Top 10 Things to Do in Colombia

  1. LOST CITY TREK IN LA SIERRA NEVADA DE SANTA  MARTA

This five-day trek to the ancient Lost City really connected me with the wonder of Colombia’s ancient cultures. It was built in about 800AD (650 years before Machu Picchu) by the Tayrona people (who still exist at high altitudes) and an expedition offers hikers the unique opportunity to breathe in the past and take in the rich biological heritage of the area. Visit: http://turcoltravel.com/en

 

Cano Cristales River. Image by Alexandra Pineda Guerrero.

Cano Cristales River. Image by Alexandra Pineda Guerrero.

  1. CAÑO CRISTALES, THE RIVER OF SEVEN COLOURS

In the east of Colombia, in the Sierra de la Macarena mountain range, babbles a unique river. Caño Cristales is dull in appearance for most of the year; however, between September and November, it explodes in a vivacious kaleidoscope of colours thanks to an aquatic plant, Macarenia clavigera. Visit: www.caminantesdelretorno.com for more information.

  1. SALT CATHEDRAL, ZIPAQUIRÁ

Just one hour’s drive north of Bogotá lies a wonder of human skill and art. The one-of-a-kind Salt Cathedral was built deep underground in the largest reserve of salt rock in the world and is considered Colombia’s “modern-age architectural jewel”.

Main cross in the Salt Cathedral, Zipaquira by Diego Avila.

Main cross in the Salt Cathedral, Zipaquira by Diego Avila.

  1. TAYRONA NATIONAL PARK

The Tayrona National Park is my favourite place to lie back, read and enjoy the breathtaking beauty around me while the fresh sea breeze gently rocks my hammock. Take a short trek to the ruins of Pueblito (“Little City”), built by the Tayrona people. If you’re feeling adventurous, book a diving trip with marine biologists and explore the colourful marine life below. Visit: www.quimeradivers.com

5. VILLA DE LEYVA

Stop by for a day or three in this historical town 150km north of Bogotá and marvel at its flawlessly conserved, colonial whitewashed walls, original cobbled streets and picturesque atmosphere. Time has stood still here and no modern architecture exists. Be sure to visit the old astronomic observatory, El Infiernito (”Little Hell”), made of phallic stones, about 30km from the town centre.

  1. CARTAGENA DE INDIAS

This romantic, fairytale city on the Caribbean coast is mesmerising with its well-preserved Spanish colonial architecture, charming cobbled streets and rich local culture. Immerse yourself in its legends and ancient history and breathe in fresh, salty air as you meander through the old city. Add a touch of magic by doing a walking audio tour of the city, which follows the footsteps of legendary novelist Gabriel García Márquez.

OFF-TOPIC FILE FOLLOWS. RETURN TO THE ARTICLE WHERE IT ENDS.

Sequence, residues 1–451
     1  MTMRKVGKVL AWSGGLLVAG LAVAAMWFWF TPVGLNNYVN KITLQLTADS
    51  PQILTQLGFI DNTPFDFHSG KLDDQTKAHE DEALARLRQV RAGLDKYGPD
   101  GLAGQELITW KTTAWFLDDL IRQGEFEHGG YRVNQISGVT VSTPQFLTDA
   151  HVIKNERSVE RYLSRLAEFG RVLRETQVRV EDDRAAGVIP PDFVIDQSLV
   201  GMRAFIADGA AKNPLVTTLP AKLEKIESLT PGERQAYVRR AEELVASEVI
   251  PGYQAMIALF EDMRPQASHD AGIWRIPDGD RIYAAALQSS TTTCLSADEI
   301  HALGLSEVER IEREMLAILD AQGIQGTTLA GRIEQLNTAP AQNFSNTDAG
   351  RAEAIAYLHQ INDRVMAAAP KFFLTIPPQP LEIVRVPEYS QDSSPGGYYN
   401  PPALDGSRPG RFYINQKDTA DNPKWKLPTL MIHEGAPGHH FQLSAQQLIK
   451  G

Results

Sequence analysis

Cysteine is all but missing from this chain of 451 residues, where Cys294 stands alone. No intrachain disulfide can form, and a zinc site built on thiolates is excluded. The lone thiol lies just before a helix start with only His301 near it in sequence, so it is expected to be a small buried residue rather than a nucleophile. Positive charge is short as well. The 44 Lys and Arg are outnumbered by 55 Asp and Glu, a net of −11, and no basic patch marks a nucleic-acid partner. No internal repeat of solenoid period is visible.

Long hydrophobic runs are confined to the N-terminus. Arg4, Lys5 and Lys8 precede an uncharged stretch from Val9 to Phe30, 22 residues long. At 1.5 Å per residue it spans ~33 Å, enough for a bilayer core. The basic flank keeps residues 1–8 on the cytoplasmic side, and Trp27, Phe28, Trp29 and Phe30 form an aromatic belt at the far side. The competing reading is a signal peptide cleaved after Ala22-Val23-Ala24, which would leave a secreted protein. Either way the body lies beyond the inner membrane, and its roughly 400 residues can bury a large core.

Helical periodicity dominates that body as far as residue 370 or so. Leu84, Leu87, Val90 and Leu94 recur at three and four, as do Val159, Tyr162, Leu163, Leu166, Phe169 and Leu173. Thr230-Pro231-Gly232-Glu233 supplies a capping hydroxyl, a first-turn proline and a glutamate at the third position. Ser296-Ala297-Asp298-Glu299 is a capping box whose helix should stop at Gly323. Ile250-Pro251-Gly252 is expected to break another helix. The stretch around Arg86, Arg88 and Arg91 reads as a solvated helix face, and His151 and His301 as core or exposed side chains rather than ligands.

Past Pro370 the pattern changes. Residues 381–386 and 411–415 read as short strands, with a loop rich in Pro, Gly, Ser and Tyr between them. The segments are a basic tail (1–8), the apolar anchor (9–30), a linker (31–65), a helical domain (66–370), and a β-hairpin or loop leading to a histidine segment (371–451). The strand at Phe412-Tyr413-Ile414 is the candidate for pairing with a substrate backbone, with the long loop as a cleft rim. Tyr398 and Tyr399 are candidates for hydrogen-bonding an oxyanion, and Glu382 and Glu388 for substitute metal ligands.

Colonial streets of Cartagena by Emil Tucker.

Colonial streets of Cartagena. Image by Emil Tucker.

  1. COFFEE ZONE, SALENTO

For a chance to wake up and smell crisp mountain air and fresh coffee brewing, head to Salento, a small village in the central coffee-growing area. From here you can explore the Valle de Cocora, home of Colombia’s national symbol, the unique wax palm, which grows up to 60m tall. Enjoy the surreal scenery by hiking through the mountains and the region’s remarkable landscapes.

  1. GORGONA ISLAND

Situated 56km off the west coast of Colombia in the Pacific Ocean, Gorgona Island (of volcanic origin) is a tiny, protected reserve perfect for snorkellers, divers and whale-watchers (pods of humpbacks pass by from July-October). Previously the “Alcatraz” of Colombia, this ecological gem is neither cheap nor easy to reach, so it’s much less travelled – but it’s certainly worth the effort.

A diving paradise. Image by Diego Avila.

A diving paradise. Image by Diego Avila.

  1. SAN AGUSTÍN ARCHAEOLOGICAL PARK

This Unesco World Heritage site honours ceremonial funeral grounds dating back to pre-Hispanic times. Located in the south of Colombia, San Agustín is home to over 500 giant stone statues, sarcophagi, tombs and ruins. This incredible scenery was built by Indians who used sculpture to express their religious beliefs.

  1. ARCHIPELAGO OF SAN ANDRÉS, PROVIDENCIA AND SANTA CATALINA

The fusion of Dutch, Spanish, English and African influences on this Caribbean island has created a wonderfully rich culture, intertwined with wisdom, traditions, languages and music from far-off countries. The remote beaches, pristine coral reefs and truly multi-cultural society add a flavourful Caribbean ambience to your Colombian journey – and sipping coco locos (a local rum-based cocktail) and buying duty-free imports aren’t so bad either.

 

View from high in the Sierra Nevada de Santa Marta mountains. Image by Jacqui de Klerk.

View from high in the Sierra Nevada de Santa Marta mountains. Image by Jacqui de Klerk.

 

 

 

Leave a Reply

Your email address will not be published. Required fields are marked *